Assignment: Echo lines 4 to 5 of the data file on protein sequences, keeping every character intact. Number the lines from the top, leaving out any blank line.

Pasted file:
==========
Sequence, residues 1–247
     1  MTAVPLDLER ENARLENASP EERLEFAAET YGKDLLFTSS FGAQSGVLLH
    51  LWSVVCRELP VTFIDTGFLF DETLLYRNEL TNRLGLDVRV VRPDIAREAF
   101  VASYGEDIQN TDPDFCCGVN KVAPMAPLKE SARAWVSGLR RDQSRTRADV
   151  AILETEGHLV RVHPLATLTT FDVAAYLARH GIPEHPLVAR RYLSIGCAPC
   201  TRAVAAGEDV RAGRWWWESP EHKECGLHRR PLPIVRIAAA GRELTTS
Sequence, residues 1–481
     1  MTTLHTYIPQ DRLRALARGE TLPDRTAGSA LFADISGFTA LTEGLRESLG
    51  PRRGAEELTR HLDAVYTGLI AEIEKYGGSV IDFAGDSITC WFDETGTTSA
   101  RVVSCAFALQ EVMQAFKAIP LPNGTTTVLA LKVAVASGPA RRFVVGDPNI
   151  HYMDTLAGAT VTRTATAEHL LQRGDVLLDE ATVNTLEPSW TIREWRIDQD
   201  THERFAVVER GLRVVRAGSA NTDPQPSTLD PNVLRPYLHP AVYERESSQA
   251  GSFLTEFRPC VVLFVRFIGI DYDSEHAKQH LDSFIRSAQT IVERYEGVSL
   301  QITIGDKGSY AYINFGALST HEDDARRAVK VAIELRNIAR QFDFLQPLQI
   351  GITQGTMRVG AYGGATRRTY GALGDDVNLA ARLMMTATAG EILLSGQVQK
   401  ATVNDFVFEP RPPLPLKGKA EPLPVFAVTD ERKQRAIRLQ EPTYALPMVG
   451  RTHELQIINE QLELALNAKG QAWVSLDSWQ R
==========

   101  VASYGEDIQN TDPDFCCGVN KVAPMAPLKE SARAWVSGLR RDQSRTRADV
   151  AILETEGHLV RVHPLATLTT FDVAAYLARH GIPEHPLVAR RYLSIGCAPC